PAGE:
Here the trial court found that "the facts of the instant case" did not fall within the Gorham rule. Brian suggests this case is analogous to Gorham, but he did not produce evidence to show that the process server committed perjury or made a falsified return of service. At the hearing on his motion, Brian did not testify. His attorney did not call any witnesses or present evidence. Instead, he relied on Brian's declaration to claim the summons was served at the wrong address and that the process server acted unreasonably.

But reliance on Brian's declaration does not assist him on appeal because the trial court found he was not credible. It said, "His lack of credibility and failure to act diligently precludes this court from granting him relief of any equitable nature." Many of the arguments Brian advances are based on facts he alleged in his declaration. But the court could disregard them. "[A] trial judge has an inherent right to disregard the testimony of any witness . . . when he [or she] is satisfied that the witness is not telling the truth . . . ." (La Jolla Casa De Manana v. Hopkins (1950) 98 Cal.App.2d 339, 345-346.) That is the case even where appellant's declaration is uncontradicted. (In re Marriage of Hofer (2012) 208 Cal.App.4th 454, 460; Lohman v. Lohman, supra, 29 Cal.2d at p. 149.)

Brian claims "the trial court failed to allow [him] to present evidentiary testimony . . . ." The record does not support him. At the morning session of the hearing on Brian's motion, the court said it intended to have an evidentiary hearing. Counsel for the DCSS proposed a procedure for the afternoon session. She said the court: 1) could consider additional "exhibits" and 2) "[we] can argue it. And the Court can take it under submission for ruling." (Italics added.) At this point Brian's counsel had the opportunity to advise the court that he disagreed and wanted Brian to testify. Instead, he told the court, "That's fine, your Honor." Consequently, Brian is estopped to claim error. (Transport Ins. Co. v. TIG Ins. Co. (2012) 202 Cal.App.4th 984, 1000; People v. Level (2002) 97 Cal.App.4th 1208, 1213.)

The Motion to Quash the Substituted Service

Brian claims his motion to quash service should have been granted because the trial court never acquired jurisdiction over him. He claims the substituted service was invalid because the process server went to the wrong address and did not act with reasonable diligence. He contends the court consequently erred by denying his motion. We disagree.

Substituted Service Requirements

The trial court found, "The affidavit of process server Fred Sloan establishes that he went to the address on file with the District Attorney's Child Support Division. He was informed by a person at that address, Tracy Martine, that [Brian] did not reside at that address, but that he received mail there. Mr. Sloan left a copy of the documents at that address. In light of the fact that Mr. Sloan was advised [Brian] did not reside at that address, he determined that further attempts at personal service at that location would be futile. He then mailed a copy of the Summons and Complaint to that address and completed the proof of service and affidavit." (Italics added.) The court ruled this substituted service complied with Code of Civil Procedure section 415.20.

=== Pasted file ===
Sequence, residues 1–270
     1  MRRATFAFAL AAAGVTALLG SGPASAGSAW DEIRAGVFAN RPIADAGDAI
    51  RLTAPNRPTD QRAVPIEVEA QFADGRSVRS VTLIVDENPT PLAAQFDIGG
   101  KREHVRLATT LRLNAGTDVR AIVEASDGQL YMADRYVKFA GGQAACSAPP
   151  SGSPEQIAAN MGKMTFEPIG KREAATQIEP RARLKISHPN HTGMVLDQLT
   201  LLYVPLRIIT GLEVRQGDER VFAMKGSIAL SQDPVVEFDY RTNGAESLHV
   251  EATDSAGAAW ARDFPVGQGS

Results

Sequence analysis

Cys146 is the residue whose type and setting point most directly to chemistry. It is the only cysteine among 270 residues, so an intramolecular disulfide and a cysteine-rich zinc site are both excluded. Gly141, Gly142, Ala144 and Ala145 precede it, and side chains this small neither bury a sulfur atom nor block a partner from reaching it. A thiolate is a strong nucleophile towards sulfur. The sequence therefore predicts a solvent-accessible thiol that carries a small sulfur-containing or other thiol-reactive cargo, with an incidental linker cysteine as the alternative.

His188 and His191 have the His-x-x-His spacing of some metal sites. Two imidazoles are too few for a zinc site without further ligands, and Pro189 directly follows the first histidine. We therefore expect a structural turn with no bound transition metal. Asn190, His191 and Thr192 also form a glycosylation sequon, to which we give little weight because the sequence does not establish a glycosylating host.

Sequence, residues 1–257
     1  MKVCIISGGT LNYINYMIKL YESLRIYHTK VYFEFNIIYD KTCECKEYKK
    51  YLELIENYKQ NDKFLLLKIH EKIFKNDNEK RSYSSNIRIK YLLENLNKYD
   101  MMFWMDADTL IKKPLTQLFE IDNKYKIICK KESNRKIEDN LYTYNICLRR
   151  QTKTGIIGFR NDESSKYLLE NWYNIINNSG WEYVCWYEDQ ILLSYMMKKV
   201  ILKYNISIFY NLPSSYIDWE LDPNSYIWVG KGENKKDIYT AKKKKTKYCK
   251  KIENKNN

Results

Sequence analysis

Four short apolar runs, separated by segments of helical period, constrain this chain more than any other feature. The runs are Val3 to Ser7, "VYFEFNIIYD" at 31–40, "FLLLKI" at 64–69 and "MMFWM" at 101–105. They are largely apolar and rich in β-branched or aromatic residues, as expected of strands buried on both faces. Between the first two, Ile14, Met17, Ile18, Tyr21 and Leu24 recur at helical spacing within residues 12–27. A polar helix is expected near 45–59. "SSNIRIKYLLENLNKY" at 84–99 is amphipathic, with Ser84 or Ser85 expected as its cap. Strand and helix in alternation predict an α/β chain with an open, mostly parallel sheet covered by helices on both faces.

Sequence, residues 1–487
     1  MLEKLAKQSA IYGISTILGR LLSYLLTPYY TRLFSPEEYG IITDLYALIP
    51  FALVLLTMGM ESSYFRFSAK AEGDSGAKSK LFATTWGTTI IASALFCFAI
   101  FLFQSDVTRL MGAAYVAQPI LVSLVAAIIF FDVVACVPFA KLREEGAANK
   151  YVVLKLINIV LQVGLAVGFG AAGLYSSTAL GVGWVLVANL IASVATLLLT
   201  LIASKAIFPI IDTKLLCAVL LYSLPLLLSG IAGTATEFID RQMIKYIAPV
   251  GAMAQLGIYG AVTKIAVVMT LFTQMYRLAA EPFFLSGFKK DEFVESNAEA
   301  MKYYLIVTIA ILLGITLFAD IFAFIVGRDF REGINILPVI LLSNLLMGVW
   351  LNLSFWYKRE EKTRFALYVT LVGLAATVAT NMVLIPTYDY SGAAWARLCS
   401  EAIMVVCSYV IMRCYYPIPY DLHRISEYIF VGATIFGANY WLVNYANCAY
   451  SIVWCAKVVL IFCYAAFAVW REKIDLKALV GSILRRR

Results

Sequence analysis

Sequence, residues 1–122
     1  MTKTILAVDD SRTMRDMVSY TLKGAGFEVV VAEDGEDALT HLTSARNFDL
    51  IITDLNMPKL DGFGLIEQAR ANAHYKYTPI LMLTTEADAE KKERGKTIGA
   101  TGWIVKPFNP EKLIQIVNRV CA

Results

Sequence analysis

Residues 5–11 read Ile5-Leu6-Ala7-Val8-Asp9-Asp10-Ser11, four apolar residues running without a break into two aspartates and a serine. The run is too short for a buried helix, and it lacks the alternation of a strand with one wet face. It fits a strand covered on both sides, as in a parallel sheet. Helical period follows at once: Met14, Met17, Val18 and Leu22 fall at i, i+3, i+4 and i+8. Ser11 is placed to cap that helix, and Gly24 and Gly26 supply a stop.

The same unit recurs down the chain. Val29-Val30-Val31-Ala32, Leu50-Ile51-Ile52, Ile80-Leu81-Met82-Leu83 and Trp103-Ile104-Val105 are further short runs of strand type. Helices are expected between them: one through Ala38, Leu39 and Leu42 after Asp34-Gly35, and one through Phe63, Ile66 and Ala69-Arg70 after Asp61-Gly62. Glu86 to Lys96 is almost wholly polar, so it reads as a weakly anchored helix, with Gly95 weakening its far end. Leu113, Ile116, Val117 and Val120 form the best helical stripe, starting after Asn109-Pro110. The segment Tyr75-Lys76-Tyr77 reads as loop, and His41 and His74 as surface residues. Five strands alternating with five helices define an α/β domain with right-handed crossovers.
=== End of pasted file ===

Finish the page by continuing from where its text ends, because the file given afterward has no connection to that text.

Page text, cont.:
Code of Civil Procedure section 415.20, subdivision (b) provides, in relevant part, that "a summons may be served by leaving a copy of the summons and complaint at the . . . usual mailing address . . . in the presence of . . . a person apparently in charge of his or her . . . usual mailing address . . . at least 18 years of age, who shall be informed of the contents thereof, and by thereafter mailing a copy of the summons and complaint . . . at the place where a copy of the summons and complaint were left."

Reasonable Attempts at Service

Brian claims Sloan did not act reasonably because: 1) Sloan did not have valid address information, and 2) Sloan did not make additional attempts to personally serve him at his office or elsewhere after serving Martine. But the trial court could find that Sloan acted reasonably. It noted that he obtained the address information from a governmental source the court found to be reliable - the District Attorney's Child Support Division records. Given the incomplete record, we must defer to the trial court's findings on this issue. (Null v. City of Los Angeles, supra, 206 Cal.App.3d at p. 1532; see also Evid. Code,§ 664.) Moreover, the record reflects that when Sloan arrived at the residence he learned that Martine knew who Brian was because she said Brian received mail there. Consequently, the court could find that Martine essentially confirmed that the mailing address information in CSDLA's records was correct. The court also found Sloan did not have to make additional attempts to serve Brian at that address because Martine confirmed that he did not live there. The court was correct. "It would be futile for the process server to return to that address two more times and attempt service at a residence where [Brian] no longer lived." (Ellard v. Conway (2001) 94 Cal.App.4th 540, 545.)

Brian claims there were insufficient attempts to locate him at other addresses. A process server must act reasonably. But he or she is "not required to 'exhaust all avenues of obtaining a current address.'" (Ellard v. Conway, supra, 94 Cal.App.4th at p. 545.) Sloan declared that he did not know of any other address for service. Citing to his own declaration, Brian claims Sloan and CSDLA could have served him at other places. But the court acted within its authority by not relying on Brian's declaration after finding he was not credible. In his declaration, Brian said that because he worked at the Los Angeles Police Department (LAPD), the CSDLA should have known his office address because it was also "his employer at the time." He said, "I was employed by the same entity that filed suit against me." (Italics added.) But the trial court found these assertions were false. It noted that LAPD is a city agency, but CSDLA is part of county government.